I’ve spent a lot of time looking at that tree over the past several months. I’m hesitant to uproot it, hoping a lengthy rest might give it a chance to repair and once again grow. And as I wait for a rebirth, I find myself reflecting upon this often fragile life.
We’re not all that different from my cherry tree. At times we can be lulled into a false sense of safety during a sweet, uneventful season.
We stop making preparations for winter, stop thinking about the up-and- down nature of this unpredictable life. Instead, we pour ourselves fully into the laziness of balmy living, disregarding the reality of the change certain to come.
Then, almost overnight, the temperature drops.
A blizzard catches us by surprise. A cold snap cracks our core. Ill-prepared as we are, we grow weak. In shock, we stop growing, stop blooming and blossoming. Then, when one unexpected blow turns into two or three or four over the course of weeks or months or years, it’s enough to take us down.
Just as the trees can do nothing to control the temperature, we can do little to strong-arm our circumstances. Winter can and will come, often when we least expect it. However, unlike my cherry tree, you and I have access to an unshakeable source of life:
“Remain in me, as I also remain in you. No branch can bear fruit by itself; it must remain in the vine. Neither can you bear fruit unless you remain in me” (John 15:4).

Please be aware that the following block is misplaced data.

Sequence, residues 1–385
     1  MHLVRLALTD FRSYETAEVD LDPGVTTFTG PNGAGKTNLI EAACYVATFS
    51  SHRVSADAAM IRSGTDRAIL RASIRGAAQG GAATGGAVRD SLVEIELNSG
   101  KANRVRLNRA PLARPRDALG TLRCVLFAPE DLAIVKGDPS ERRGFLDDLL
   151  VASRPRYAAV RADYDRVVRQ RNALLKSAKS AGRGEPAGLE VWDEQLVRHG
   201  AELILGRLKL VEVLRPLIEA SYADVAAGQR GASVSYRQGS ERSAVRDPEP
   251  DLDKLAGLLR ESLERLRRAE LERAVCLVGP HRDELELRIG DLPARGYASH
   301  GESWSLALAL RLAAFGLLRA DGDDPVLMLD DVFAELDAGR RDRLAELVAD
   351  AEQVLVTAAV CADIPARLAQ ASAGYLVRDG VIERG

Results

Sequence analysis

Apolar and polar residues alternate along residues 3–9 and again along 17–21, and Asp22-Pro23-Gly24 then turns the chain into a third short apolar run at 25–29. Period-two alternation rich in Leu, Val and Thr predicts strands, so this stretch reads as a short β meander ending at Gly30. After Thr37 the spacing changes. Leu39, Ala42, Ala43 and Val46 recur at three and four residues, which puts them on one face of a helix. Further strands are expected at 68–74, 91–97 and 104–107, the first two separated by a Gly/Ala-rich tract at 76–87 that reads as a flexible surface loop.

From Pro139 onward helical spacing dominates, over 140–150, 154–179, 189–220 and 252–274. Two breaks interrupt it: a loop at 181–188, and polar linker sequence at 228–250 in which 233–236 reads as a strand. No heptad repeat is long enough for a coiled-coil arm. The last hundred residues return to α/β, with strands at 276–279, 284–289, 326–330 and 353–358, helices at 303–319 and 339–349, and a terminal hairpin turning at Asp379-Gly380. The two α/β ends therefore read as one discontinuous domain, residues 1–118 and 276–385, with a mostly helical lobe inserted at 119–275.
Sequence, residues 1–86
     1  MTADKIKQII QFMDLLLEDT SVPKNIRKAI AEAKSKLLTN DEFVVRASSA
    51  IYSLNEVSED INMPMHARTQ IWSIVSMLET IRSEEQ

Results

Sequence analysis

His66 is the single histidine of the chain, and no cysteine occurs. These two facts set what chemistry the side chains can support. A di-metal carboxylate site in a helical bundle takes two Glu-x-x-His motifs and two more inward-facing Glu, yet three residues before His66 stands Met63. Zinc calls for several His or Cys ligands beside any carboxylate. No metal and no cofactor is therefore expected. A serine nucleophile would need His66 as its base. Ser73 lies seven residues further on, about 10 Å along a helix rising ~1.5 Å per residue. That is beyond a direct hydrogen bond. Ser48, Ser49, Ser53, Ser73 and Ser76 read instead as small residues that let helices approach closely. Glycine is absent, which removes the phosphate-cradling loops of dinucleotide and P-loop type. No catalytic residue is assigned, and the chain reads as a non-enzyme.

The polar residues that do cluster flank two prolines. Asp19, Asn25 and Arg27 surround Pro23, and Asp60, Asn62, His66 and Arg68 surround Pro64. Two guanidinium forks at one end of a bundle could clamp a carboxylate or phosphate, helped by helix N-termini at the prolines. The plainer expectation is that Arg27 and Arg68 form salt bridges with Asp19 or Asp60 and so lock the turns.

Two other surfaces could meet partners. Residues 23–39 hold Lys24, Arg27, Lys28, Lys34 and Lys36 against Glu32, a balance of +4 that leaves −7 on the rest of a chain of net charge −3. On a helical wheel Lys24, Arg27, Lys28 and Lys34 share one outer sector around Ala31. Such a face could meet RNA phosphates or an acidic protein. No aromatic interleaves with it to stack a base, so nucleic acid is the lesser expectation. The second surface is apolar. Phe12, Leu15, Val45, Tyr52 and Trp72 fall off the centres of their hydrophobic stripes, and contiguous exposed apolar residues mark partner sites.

Jesus’ words of warning to us living, walking fruit trees.
Bad weather is bound to come. But we can prepare for it. And we don’t have to endure it alone. If we want to have the muscle to make it, whatever may come tomorrow, we need to be invested with Him today.
Let’s make a promise, shall we? Let’s not be unprepared. Let’s not allow warm weather to fool us into thinking winter will never come. You and I both know it’s simply a matter of time. Instead, fully awake, let’s make preparation. Let’s soak up the Word and ask God to fortify us—heart, mind, and soul. Let’s pray, pray, pray, inviting the sap of the Spirit to restore and establish us, “strong, firm and steadfast” (1 Peter 5:8).
His strength is our strength. We are able because He is able. And He offers us everything we need to thrive.
I am the vine; you are the branches. If you remain in me and I in you, you will bear much fruit; apart from me you can do nothing. —John 15:5
Pulled from the pages of Michele’s most recent book—I Am: A 60-day Journey to Knowing Who You Are Because of Who He Is— these words were penned during her long and grueling recovery from a third diagnosis of tongue cancer, during which she was permanently altered physically, emotionally and spiritually. In it, she speaks with raw honesty and hard-earned insight about our current identity epidemic and the reason why our best self-help and self-esteem tools aren’t enough to heal our deepest wounds. Michele and her husband, Troy, live in the mountains of Colorado with their six children, ages 9 to 24. She enjoys a good novel, a long walk, and a kitchen table filled with people. Learn more about Michele at michelecushatt.com.